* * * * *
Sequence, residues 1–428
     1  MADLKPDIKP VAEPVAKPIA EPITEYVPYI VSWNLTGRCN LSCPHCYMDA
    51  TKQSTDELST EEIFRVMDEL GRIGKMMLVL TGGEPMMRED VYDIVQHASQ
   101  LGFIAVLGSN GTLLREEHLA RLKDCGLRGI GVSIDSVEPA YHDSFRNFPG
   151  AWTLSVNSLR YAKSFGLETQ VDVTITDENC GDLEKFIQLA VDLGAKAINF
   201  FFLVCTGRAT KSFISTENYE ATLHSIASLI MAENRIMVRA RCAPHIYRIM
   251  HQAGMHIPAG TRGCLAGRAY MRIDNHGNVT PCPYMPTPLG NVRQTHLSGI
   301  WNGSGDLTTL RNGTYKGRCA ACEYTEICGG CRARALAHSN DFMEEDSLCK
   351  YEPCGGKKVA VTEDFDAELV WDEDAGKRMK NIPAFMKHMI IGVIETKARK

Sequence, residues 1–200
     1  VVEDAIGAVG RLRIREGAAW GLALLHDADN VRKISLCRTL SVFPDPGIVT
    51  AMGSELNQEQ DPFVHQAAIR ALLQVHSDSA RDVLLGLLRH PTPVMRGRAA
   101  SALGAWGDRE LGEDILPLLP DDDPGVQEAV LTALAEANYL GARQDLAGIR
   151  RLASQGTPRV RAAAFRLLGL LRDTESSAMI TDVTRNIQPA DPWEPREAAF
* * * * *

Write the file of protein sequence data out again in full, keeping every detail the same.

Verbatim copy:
Sequence, residues 1–428
     1  MADLKPDIKP VAEPVAKPIA EPITEYVPYI VSWNLTGRCN LSCPHCYMDA
    51  TKQSTDELST EEIFRVMDEL GRIGKMMLVL TGGEPMMRED VYDIVQHASQ
   101  LGFIAVLGSN GTLLREEHLA RLKDCGLRGI GVSIDSVEPA YHDSFRNFPG
   151  AWTLSVNSLR YAKSFGLETQ VDVTITDENC GDLEKFIQLA VDLGAKAINF
   201  FFLVCTGRAT KSFISTENYE ATLHSIASLI MAENRIMVRA RCAPHIYRIM
   251  HQAGMHIPAG TRGCLAGRAY MRIDNHGNVT PCPYMPTPLG NVRQTHLSGI
   301  WNGSGDLTTL RNGTYKGRCA ACEYTEICGG CRARALAHSN DFMEEDSLCK
   351  YEPCGGKKVA VTEDFDAELV WDEDAGKRMK NIPAFMKHMI IGVIETKARK

Sequence, residues 1–200
     1  VVEDAIGAVG RLRIREGAAW GLALLHDADN VRKISLCRTL SVFPDPGIVT
    51  AMGSELNQEQ DPFVHQAAIR ALLQVHSDSA RDVLLGLLRH PTPVMRGRAA
   101  SALGAWGDRE LGEDILPLLP DDDPGVQEAV LTALAEANYL GARQDLAGIR
   151  RLASQGTPRV RAAAFRLLGL LRDTESSAMI TDVTRNIQPA DPWEPREAAF